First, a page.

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So you wanna be in a rock band?: Investing in your band's label

Rose Cora Perry | Interrobang | Lifestyles | February 16th, 2009

The simple business behind creating your own label

Business Basics
Once you've reached consensus on your label's name, I highly recommend applying for a GST vendor's permit through Revenue Canada (, registering your business through your lawyer and/or accountant, and opening up a business bank account at your local financial institution.

Running a band sloppily is one thing, but once you've got a working record label, you need to make sure your files, expenses, and profits are in tip top shape for three main reasons:

1) you will have monetary obligations to others, and need to keep record of all transactions in the event of a dispute

2) it is quite possible that your business could get audited and

3) if a major label decides to pick up you or one of your other artists, they will require a record of past sales, and successes for marketing purposes.

Suffice it to say you will start feeling a bit like a bag lady every time you insist on getting receipts for each purchase, but you'll need them to be able to deduce when your business has started to profit (ie: when you will actually be able to pay back loans and/or pay yourself as an employee), and it'll also come in handy, for tax purposes, to keep track of all of your expenses because if your bills far exceed your income, you will be taxed at a lower rate.

Additionally, it will be essential to make sure that you are in good standing with the necessary Canadian artist associations, as well as royalty and sales tracking services that you will require regular use of throughout your endeavours including SOCAN, CMRRA, SAC, AFM, and Soundscan (membership, in most cases, cost money).

Finally, before you are ready to release any albums, it's a good idea to already have working versions of your online stores in order so that all you'll have to do is put up the product at your desired time of release, and you won't face any potential delays with distribution.

Creating accounts with Youlicense and Pumpaudio may also be something to consider if you are interested in potentially licensing your tunes for tv, internet, and movie projects in the future.

Working the Rep
At this point forward, any communications from your band to bookers, distributors, photographers etc. should be coming from your record label NOT a member of your band.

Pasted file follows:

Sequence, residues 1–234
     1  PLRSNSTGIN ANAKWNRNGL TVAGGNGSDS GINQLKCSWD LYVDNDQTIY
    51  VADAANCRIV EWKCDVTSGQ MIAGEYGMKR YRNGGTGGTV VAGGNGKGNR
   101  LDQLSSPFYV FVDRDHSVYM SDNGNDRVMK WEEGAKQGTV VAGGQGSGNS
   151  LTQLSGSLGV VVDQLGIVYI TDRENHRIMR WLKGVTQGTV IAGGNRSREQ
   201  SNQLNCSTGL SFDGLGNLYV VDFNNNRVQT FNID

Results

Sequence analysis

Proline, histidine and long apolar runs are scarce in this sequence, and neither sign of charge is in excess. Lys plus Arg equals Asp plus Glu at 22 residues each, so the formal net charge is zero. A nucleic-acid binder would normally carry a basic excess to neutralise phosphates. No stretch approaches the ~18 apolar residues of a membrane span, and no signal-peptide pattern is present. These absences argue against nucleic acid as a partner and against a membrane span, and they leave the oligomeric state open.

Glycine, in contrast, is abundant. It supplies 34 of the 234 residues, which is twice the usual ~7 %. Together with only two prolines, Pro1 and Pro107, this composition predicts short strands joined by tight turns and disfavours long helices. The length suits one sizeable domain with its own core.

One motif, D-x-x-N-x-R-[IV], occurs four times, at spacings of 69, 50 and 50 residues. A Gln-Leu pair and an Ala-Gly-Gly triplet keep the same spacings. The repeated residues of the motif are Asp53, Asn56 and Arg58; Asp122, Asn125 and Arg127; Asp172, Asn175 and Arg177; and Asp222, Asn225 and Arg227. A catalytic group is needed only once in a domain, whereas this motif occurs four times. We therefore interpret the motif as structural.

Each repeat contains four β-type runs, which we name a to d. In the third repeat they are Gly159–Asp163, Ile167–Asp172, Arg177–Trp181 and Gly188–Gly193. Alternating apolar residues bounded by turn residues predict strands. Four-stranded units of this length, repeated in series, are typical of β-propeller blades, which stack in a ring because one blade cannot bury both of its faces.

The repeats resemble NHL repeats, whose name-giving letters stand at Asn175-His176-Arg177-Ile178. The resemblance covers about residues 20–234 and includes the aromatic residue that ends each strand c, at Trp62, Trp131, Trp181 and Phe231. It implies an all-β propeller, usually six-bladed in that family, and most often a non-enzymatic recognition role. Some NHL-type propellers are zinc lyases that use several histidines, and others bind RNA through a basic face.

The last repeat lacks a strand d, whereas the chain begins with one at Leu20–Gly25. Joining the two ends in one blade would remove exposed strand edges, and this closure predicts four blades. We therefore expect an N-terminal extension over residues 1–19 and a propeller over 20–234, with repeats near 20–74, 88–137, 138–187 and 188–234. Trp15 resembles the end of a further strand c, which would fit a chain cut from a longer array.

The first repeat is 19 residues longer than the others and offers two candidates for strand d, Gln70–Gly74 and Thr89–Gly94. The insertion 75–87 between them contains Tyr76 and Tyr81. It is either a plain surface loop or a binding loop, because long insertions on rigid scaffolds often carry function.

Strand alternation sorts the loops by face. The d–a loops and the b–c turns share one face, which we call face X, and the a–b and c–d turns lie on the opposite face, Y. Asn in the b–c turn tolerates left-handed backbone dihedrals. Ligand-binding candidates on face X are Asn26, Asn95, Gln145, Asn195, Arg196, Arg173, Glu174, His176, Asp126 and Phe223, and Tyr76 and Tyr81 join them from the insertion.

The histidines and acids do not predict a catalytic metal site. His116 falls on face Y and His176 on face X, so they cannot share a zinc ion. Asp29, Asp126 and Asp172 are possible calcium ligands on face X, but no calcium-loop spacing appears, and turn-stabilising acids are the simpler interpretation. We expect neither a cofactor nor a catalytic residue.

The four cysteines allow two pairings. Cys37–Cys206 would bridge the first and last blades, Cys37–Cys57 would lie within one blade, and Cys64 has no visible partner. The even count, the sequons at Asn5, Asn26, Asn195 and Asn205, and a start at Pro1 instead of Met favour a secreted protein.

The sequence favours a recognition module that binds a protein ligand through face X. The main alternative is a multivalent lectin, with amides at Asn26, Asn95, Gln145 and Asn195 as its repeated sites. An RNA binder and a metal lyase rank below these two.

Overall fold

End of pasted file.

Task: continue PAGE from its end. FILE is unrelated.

From my own experience, I've found that it's best to choose a gender neutral name that is fairly unassuming such as Sam, or Vic because, as much as I hate to admit it, the vast majority of bookers, and promoters with whom you'll be interacting are men, and they'll naturally assume you're a guy too; thus leading them to treat you in a more respectful manner. You should give your so called label rep a last name as well (obviously not the same as any of your band members), and you should issue “him” a title such as Head of Promotions or Lead A&R representative depending on the purpose of your communications.

To cut down on costs (long distance bills are a killer), and simply to increase efficiency, I personally recommend doing as much as possible over email/the internet - whether that's researching potential clubs for tours, setting up appointments, booking gigs, issuing press releases, or paying for services. If you decide to pursue this route, you'll need to set up a label email address which can easily be accomplished through one of the several different free hosting services, that are at your disposal, including hotmail, yahoo, or gmail. Make sure when you are filling out the details for your email service that you do NOT put your personal name or birthday etc. under the information section because that is something that people can check, and you want to keep everything consistent with the name of your label rep.

For those of you who are perceptive I'm sure you noticed the above message made mention of having an official website for your label. When you first get started, and have yet to establish an extensive roster and/or list of services, a simple Myspace or Facebook business page (if done tastefully) will suffice.

Once things start heading down a more professional route, you may want to consider buying your label's domain name and actually launching a full scale website. As for what should be included on your website, make sure you've got an overview of the label's inception, the services it provides, its affiliates, its artists (with links to their official sites), and any sponsors it may have accrued. As well, it is absolutely necessary to include visible contact information detailing your full postal address, email, phone, and fax number (where possible) as, from my experiences as a journalist I can tell you that, there is nothing more frustrating then coming across a website on a subject in which you're really interested which fails to list the appropriate channels to initiate contact.

Next Week: Designing Your Label's Look & Creating a Professional Press Kit
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